This is the third in a series on memorable moments at Wrigley Field, in honor of its 100th season. MLB.com reporters asked players, coaches and managers for their favorite memory of the ballpark. Ryne Sandberg, a Hall of Fame second baseman with the Cubs and the current Phillies manager, shared a few stories.
When Sandberg and Larry Bowa were teammates on the Cubs, Bowa had Sandberg handle all the popups hit between them. The reason was that the wind and sun at Wrigley Field made it tough on infielders, and Bowa -- who is now Sandberg's bench coach in Philadelphia -- decided to use his seniority and let the young second baseman chase after the balls. So when Sandberg and Shawon Dunston were together in the Cubs' infield, Sandberg passed off the popups to the young shortstop for the same reason.
Sandberg was originally selected by the Phillies in the 20th round of the 1978 First-Year Player Draft, and he was then traded to the Cubs after the '81 season. He called Wrigley Field his home for 15 years, was a 10-time All-Star and nine-time Gold Glove Award winner, and he was inducted into the Hall of Fame in 2005.
"In 1981 as a Phillie, I got my first hit there -- my first Major League hit was at Wrigley Field," Sandberg said. "I started the second game of a doubleheader in 1981 and played shortstop, and [I] had a couple of plays out there and I got my first hit off of Mike Krukow.
"When I found out I was starting, I knew that my bats hadn't arrived yet from my order, so I didn't have any bats. I was using a Marty Bystrom bat in batting practice and choking up on it a little bit. It was a big ole bat to bunt with -- a pitcher's bat -- so I was choking up and taking [batting practice] with that. I asked Larry Bowa if he had any extra bats I could use in the game, so he loaned me a bat and I got my first hit with a Larry Bowa bat. Even today, I still have the bat and the ball. It was a flare to right field slightly off the end of the bat, and the Rawlings writing on the ball came off on the bat. So I have the ball and the bat, and there's no writing on the ball. It's all on the bat.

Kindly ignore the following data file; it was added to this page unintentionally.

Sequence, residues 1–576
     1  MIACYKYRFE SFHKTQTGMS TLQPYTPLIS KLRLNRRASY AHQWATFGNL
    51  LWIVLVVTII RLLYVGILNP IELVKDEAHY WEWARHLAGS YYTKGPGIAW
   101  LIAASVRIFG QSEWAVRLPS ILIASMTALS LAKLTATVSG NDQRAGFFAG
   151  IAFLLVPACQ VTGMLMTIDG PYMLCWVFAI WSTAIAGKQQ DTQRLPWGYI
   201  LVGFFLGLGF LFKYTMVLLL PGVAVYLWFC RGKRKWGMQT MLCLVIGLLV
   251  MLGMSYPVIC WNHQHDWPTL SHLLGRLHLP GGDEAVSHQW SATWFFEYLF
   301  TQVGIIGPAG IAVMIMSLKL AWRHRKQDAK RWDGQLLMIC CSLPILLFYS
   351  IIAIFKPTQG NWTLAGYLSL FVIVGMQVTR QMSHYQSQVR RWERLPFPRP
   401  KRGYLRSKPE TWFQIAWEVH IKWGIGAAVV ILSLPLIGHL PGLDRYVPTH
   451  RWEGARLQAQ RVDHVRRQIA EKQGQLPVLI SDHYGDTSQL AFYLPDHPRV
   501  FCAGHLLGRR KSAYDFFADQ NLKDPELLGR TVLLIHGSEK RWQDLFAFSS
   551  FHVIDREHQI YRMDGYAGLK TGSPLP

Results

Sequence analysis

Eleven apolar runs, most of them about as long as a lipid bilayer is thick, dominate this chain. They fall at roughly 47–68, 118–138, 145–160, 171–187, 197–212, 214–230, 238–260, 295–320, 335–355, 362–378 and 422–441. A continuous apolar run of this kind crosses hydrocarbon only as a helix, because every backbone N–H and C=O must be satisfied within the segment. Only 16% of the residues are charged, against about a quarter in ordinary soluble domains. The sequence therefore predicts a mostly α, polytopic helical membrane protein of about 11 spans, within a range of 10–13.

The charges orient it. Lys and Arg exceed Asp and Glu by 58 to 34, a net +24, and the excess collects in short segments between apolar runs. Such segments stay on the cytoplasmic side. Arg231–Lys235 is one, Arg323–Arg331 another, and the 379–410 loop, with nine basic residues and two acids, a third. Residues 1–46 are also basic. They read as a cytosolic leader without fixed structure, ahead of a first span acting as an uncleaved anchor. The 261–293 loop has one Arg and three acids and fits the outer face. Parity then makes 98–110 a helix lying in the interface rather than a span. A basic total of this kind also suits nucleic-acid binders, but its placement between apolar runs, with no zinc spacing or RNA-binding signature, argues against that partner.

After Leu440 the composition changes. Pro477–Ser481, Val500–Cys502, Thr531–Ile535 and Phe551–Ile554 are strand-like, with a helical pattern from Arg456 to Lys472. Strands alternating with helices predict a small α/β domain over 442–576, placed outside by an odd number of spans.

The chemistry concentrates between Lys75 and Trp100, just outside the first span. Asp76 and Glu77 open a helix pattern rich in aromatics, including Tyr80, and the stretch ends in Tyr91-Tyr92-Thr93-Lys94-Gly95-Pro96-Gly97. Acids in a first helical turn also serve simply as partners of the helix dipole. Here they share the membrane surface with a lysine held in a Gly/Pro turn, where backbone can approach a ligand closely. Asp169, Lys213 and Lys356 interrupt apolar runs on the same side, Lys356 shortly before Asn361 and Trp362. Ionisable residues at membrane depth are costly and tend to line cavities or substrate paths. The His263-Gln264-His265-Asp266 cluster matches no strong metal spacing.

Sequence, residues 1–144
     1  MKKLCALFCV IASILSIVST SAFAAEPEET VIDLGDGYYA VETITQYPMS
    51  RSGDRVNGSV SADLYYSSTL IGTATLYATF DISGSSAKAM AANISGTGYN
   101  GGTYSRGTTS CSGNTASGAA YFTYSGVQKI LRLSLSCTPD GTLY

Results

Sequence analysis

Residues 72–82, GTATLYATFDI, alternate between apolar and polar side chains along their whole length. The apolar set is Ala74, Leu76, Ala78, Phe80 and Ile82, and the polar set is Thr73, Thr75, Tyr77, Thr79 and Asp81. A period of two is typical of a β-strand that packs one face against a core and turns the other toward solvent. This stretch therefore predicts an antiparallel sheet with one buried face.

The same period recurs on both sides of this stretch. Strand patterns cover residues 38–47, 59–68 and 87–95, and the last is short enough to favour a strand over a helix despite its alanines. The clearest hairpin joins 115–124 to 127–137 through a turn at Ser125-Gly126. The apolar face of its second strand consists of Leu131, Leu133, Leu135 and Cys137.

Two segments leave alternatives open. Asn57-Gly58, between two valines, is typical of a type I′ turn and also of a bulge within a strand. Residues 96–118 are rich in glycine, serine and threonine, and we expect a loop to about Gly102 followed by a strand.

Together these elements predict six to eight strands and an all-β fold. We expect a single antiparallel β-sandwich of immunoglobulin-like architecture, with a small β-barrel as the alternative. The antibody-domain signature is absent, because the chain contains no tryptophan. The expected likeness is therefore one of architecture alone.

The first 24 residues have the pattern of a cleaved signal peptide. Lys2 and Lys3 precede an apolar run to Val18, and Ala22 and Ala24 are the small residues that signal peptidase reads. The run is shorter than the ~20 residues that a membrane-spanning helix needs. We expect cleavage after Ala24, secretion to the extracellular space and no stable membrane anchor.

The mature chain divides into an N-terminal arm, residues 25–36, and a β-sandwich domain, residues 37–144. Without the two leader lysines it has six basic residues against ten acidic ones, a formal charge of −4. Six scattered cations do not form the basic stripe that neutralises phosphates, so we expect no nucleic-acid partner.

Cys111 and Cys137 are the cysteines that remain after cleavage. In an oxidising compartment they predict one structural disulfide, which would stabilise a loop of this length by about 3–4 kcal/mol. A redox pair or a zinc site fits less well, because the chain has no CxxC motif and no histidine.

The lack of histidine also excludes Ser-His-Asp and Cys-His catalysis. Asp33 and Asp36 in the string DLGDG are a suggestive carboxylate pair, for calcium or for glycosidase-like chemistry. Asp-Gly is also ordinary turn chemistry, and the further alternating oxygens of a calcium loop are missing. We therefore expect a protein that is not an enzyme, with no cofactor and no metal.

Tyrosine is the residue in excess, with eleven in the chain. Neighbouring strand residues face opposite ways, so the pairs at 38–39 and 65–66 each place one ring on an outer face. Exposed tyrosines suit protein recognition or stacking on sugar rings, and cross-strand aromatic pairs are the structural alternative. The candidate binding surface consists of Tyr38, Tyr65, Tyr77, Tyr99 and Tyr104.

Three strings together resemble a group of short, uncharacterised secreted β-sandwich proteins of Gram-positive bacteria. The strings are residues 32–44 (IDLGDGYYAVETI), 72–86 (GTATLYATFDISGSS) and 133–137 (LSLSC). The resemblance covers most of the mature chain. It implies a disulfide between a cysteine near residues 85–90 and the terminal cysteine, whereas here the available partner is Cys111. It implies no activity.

"The bat was like a bottle bat with no knob. It was totally not my bat. But it was a bat.
"[That first game was special], being on the field with Mike Schmidt and Pete Rose, Manny Trillo -- basically an All-Star team, an All-Star at every position. Steve Carlton on the bench. Tug McGraw. [I remember] being in awe. I was in awe. Oh, yeah. I was 21 [years old] in Triple-A -- I think I was still 21 -- so just being in awe of all of that, having a start. And it was funny at the time, it was late September and the Cubs were out of it.
"I think the Phils had already clinched the first half of the season [in the strike year], and now they're playing to be prepared for the postseason. So those games -- I bet there were 10,000 to 12,000 people there. The ballpark, of course, was small. I said, 'Wow, this is a Major League ballpark?' And that was also my first thought when I was traded over there: 'Oh, you gotta be kidding me, not there -- there's 10,000 people there.' That all changed pretty much in '84, which was three years into my career.
"I guess I was no threat to take [Bowa's] job. I guess that's the way he looked at it [and why he loaned him a bat]. 'What else can I do for the guy?' Then we both go to Chicago, he takes me under his wing and teaches me everything about the game. Having lunch with him every day pregame, talking about the pitcher that day, talking about at-bats the day before -- for the four years that I was with him, I really learned a lot about the game. Just being with him and spending the time after the game having a beer and going to pregame lunch talking about the game [was special]. How to play catch right. Working hand in hand pregame at shortstop, double-play combinations, all that. That went a long way."
Carrie Muskat is a reporter for MLB.com. Todd Zolecki contributed to this report. Muskat writes a blog, Muskat Ramblings, and you can follow her on Twitter @CarrieMuskat. This story was not subject to the approval of Major League Baseball or its clubs.